How to Plan Your Workouts with Your Menstrual Cycle – The Girl Guide

How to Plan Your Workouts with Your Menstrual Cycle

I have always wondered about the correlation between my period and my exercise routine. Because every time I get into a good habit of exercising and eating well, my period comes. If you’re a woman, you’ve probably experienced days when your period has impacted your physical activities. The adage “consistent hard work and you will reach your goal” is compromised for women having to go through their menstrual cycle. For women, you have to consider more than just healthy nutrition and regular exercise. Hormonal swings, energy levels, and physical performance are normal attributes women have to worry about every month. The question of how to stay on track when menstruating is a frustrating one that most women have. Speaking for myself, it feels like most of the time I’m exercising off my period bloat, and this cycle just keeps going around and around. So I have learned about the process of the menstrual cycle and the effects it has on a woman. It’s the most healthy habit to listen to your body’s signals. Because if we are trying to take care of our bodies, we should know what’s best for them.

The Menstrual Phase: Days 1 to 6

The menstrual cycle begins when you get your period. This phase is called the menstrual phase. Your period can bring on uncomfortable physical symptoms. For instance, low energy levels, cramps, joint and muscle pain, headaches, and the most fun of them all, mood swings. The uterus is shedding its built-up lining. Menstruation usually lasts 1 to 6 days.

With progesterone and estrogen levels at their lowest and the loss of blood, you will be sluggish and more tired than usual. It is recommended to drink tea for cramps as well as avoid caffeine, foods high in fat, salty foods, and alcohol when menstruating. However, it is suggested that you exercise whilst on your period since it can alleviate symptoms. It is better to reduce the intensity of your workouts during this phase. 


  • Pilates
  • Walking
  • Yoga
  •  LIT – Low-Intensity Training 
  • Light Strength Training

The Follicular Phase: Days 7 to 11 

This phase technically starts with your period but continues until ovulation. During the follicular phase, your body creates a hormone known as follicle-stimulating hormone. This signals your hormones to start producing eggs. Preparing your body for the next phase, ovulation, estrogen levels rise, resulting in a boost in energy. 

When estrogen levels are rising, it is best to incorporate cruciferous vegetables and high-protein foods to metabolize estrogen. They include amino acids that are necessary for the liver to produce estrogen. Hormone levels are rising, so during this phase, you are capable of challenging yourself in your workouts. Since your hormone levels are still on the low side, you might not have the stamina to do long workouts, such as running.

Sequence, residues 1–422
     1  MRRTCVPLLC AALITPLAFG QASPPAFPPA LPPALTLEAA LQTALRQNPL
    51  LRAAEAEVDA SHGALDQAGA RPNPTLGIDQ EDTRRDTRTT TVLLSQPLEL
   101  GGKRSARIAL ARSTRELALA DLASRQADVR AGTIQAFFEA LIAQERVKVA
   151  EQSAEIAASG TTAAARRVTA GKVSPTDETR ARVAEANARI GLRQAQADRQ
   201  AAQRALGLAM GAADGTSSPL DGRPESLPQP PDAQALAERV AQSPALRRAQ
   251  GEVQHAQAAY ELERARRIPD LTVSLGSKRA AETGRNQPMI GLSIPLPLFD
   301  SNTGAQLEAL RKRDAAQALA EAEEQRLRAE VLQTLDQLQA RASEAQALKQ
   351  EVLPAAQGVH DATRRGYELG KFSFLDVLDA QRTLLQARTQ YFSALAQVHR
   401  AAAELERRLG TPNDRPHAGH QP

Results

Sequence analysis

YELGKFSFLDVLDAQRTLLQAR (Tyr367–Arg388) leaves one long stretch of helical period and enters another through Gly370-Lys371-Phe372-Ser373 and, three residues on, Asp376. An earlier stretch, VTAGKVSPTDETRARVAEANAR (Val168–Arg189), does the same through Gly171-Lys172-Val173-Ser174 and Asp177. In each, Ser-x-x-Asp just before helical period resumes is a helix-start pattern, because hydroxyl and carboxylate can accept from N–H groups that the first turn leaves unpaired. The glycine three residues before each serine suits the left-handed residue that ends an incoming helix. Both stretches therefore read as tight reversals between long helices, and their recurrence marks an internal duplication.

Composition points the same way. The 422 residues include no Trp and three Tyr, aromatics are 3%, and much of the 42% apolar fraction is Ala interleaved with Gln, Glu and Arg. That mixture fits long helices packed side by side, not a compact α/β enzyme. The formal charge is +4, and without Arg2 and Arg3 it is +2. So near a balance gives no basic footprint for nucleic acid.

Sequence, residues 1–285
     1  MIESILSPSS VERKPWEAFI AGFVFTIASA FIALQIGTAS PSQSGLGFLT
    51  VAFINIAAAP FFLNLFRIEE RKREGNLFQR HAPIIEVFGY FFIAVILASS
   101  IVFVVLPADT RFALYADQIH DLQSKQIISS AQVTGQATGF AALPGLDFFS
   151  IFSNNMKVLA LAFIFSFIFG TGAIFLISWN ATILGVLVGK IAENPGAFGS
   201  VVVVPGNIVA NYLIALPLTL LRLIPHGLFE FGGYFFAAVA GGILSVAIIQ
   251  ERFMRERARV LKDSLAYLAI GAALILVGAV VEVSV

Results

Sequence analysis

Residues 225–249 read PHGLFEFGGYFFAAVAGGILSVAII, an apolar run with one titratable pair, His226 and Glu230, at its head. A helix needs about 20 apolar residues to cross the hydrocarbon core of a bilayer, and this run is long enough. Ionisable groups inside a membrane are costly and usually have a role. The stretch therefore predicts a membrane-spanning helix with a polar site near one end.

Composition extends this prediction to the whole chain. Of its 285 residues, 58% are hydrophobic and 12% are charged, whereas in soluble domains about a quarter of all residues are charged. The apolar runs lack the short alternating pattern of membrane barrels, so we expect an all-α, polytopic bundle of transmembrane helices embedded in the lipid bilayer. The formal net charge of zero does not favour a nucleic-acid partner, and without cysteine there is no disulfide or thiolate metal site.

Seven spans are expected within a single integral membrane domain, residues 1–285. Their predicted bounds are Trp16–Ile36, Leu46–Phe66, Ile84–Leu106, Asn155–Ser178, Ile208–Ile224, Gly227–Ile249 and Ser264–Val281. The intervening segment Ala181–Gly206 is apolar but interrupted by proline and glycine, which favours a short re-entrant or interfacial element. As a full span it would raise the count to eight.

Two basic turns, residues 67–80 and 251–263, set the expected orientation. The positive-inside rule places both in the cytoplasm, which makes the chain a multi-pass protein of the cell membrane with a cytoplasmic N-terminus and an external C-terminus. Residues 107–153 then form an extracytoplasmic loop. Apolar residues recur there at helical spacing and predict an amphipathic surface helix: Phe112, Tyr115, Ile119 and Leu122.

• HIIT – High Intensity Interval Training
  • Strength Training
  • Plyometrics
  • Light Cardio
  • Boxing

The Ovulation Phase: Days 12 to 19

Ovulation is the process of producing eggs. Your body also has built up estrogen and hormones from the follicular phase. So when an egg is released, estrogen and testosterone levels peak, causing a boost of energy.  

To support your estrogen, eat anti-inflammatory foods such as berries, fish, vegetables, nuts, and dark chocolate. You could feel stronger, more competitive, and more confident with a higher pain tolerance. This is the best time when you have the stamina and energy to go hard in your workouts and feel good. 


  • Long Runs
  • HIIT – High-Intensity Interval Training
  • Cycling
  • Tabata
  • Circuit Training

The Luteal Phase: Days 20 to 28

The luteal phase is the last phase of the menstrual cycle. During this phase, there is a peak in progesterone levels. Therefore, your energy levels will gradually fall, and you may feel drowsy. Progesterone could also disrupt your sleep, which will contribute to your falling energy levels. This hormone also stimulates a lower heart rate. So you could also have cardiovascular difficulties and an increase in body temperature. The change in estrogen levels causes you to retain water and sodium, so you might feel a little bloated and gain weight. 

Make sure you drink a lot of water to flush out the retained sodium, so your body can release fluid. To fight drowsiness, eat foods high in magnesium like spinach, oats, almonds, and dark chocolate. During this phase, you should take it slow and lower the intensity of your workouts. 


  • LIT – Low-Intensity Workouts
  • Pilates
  • Yoga
  • Light runs
  • Long walks

All in all, everyone’s menstrual cycle and body are different. So to be fair, if you feel strong enough to get through a tough workout, you should do it. But don’t push yourself beyond your limits. It’s good to give your body a well-needed rest. Being injured or sore will prolong your exercise even longer than a couple of rest days. Work with your body, not against it.


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